Above Neolamprologus cylindricus (right) will actively defend it's territory.
The male Firemouth— Thoricthys meeki— on the left lost this fight. Photo by Rick Borstein.
Neolamprologus cylindricus, formerly known as Lamprologus cylindricus, is a slender, cylindrically-shaped, barred Tanganyikan cichlid first typed by Seegers and Staeck in 1986.
In the trade, you may come across the so-called "Gold Head" variety which shows some yellow on the snout of males.
Males top out at about five inches; females are generally smaller at 3.5 to 4 inches in length.
Neolamprologus cylindricus is an aggressive territorial fish, best kept in pairs. Dominant males will harass and kill sub-dominant tankmates.
Neolamprologus cylindricus have impressive sharp teeth that they will happily sink into any other fish encroaching on their territory, especially if they are guarding fry. Do not keep this fish with other Neolamprologus species or similarly shaped fish.
Neolamprologus cylindricus is found closely associated with the rocky bottom of the lake, generally in less than 30 feet of water. It is primarily found on the south eastern coastline of Lake Tanganyika from the Ifume River to the Kalambo River.
The water in Lake Tanganyika is very hard. Tempertatures hover around 77-79F.
Neolamprologus cylindricus is not difficult to care for except, as previously noted, beware of the aggression of this fish. Provide regular partial water changes at least every two weeks.
In the wild, Neolamprologus cylindricus has been reported to feed on small fish and crustaceans. In my aquarium, they eagerly ate a variety of meaty, prepared foods such as earthworm flake, frozen Mysis shrimp, frozen adult brine shrimp and sometimes spirulina flake.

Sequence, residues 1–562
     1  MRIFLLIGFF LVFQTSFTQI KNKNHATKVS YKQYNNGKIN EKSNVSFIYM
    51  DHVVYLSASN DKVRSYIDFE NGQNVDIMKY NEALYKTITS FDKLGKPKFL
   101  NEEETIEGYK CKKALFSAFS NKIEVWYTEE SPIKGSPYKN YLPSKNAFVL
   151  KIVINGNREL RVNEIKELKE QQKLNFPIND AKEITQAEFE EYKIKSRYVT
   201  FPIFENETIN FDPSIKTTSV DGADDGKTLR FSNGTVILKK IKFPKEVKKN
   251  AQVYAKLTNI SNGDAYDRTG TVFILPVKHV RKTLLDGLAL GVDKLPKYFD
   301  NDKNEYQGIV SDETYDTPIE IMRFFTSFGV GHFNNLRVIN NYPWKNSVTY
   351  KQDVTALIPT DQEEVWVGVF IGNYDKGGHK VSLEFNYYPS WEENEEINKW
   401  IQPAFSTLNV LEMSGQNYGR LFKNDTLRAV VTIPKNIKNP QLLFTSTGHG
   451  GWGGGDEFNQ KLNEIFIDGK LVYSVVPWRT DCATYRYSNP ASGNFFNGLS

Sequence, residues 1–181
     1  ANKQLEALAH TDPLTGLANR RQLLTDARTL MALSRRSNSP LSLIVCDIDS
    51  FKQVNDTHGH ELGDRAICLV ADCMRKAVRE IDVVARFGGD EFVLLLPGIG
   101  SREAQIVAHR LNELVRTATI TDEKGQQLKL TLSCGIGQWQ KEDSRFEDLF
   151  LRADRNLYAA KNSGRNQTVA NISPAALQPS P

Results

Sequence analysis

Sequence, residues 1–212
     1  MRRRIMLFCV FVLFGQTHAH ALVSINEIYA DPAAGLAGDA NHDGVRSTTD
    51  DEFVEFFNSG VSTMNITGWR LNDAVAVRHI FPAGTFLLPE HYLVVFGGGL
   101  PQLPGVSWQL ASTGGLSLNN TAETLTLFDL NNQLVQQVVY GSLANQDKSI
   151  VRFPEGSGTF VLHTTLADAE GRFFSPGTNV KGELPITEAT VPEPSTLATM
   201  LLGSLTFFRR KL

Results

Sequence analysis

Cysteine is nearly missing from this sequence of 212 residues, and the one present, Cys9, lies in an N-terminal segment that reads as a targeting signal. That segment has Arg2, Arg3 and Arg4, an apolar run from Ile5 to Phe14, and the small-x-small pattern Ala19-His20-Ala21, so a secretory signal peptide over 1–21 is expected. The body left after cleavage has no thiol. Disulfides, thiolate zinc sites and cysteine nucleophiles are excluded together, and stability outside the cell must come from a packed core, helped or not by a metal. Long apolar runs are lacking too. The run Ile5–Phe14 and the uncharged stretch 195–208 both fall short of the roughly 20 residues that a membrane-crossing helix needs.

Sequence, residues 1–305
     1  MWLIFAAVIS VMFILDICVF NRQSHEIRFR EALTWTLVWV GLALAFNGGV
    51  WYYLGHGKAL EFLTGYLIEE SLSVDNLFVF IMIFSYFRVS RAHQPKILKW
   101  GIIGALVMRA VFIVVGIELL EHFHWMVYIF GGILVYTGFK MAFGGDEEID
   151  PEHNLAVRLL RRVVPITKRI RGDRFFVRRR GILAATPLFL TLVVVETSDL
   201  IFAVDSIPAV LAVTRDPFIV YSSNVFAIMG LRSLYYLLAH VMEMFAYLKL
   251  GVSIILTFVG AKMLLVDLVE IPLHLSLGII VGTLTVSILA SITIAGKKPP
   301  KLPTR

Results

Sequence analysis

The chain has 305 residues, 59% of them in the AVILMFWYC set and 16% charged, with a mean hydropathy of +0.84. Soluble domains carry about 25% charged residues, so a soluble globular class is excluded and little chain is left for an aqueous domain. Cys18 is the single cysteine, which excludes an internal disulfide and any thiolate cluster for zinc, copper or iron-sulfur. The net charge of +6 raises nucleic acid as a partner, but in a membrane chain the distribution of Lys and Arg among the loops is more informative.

I obtained a breeding pair of these Neolamprologus cylindricus from fellow GCCA member Mike Garibaldi and placed them in a 90-gallon tank. The other occupants of the tank were five Metriaclima hajormaylandia and three Paratilapia sp. "east coast gold".
If you can't find breeders, start with 6 to 8 young fish and grow them out. A dominant male will become apparent at the onset of adulthood. Be prepared for losses if you do not remove the sub-dominant males.
In my case, the male was at least one-third bigger than the female. Neolamprologus cylindricus are secretive cave spawners. As I expected, the female selected a broken flowerpot for her home. The male patrolled nearby. It was very apparent that the pair of Neolamprologus cylindricus had become the dominant fish in the tank. The female rarely left the flowerpot and I was certain that the pair had spawned.
About six days later, I noticed that all of the other fish in the tank were crowded into the top ten inches of the side of the opposite the flowerpot. Upon closer inspection, I could occassionally see very tiny fry hovering in the flowerpot. I immediately began feeding freshly hatched brine shrimp. I estimated approximately 100-150 fry.
At two week post-hatch, I siphoned out approximately twenty fry to a 2-gallon grow out tank and left the remaining fry in the tank. I eventually moved the fry to a ten gallon tank and then back into a 90-gallon tank for grow out.
At 100 days post-spawn, the fry are now 1.25" long and ready for sale.
Young, 1.5" Neolamprologus cylindricus go for $12-15 each in the Chicago area. Neolamprologus cylindricus is regularly available at GCCA swap meets and auctions. If you cannot find them at your local fish store, ask the owner to order some for you.
Report April 2004 by Rick Borstein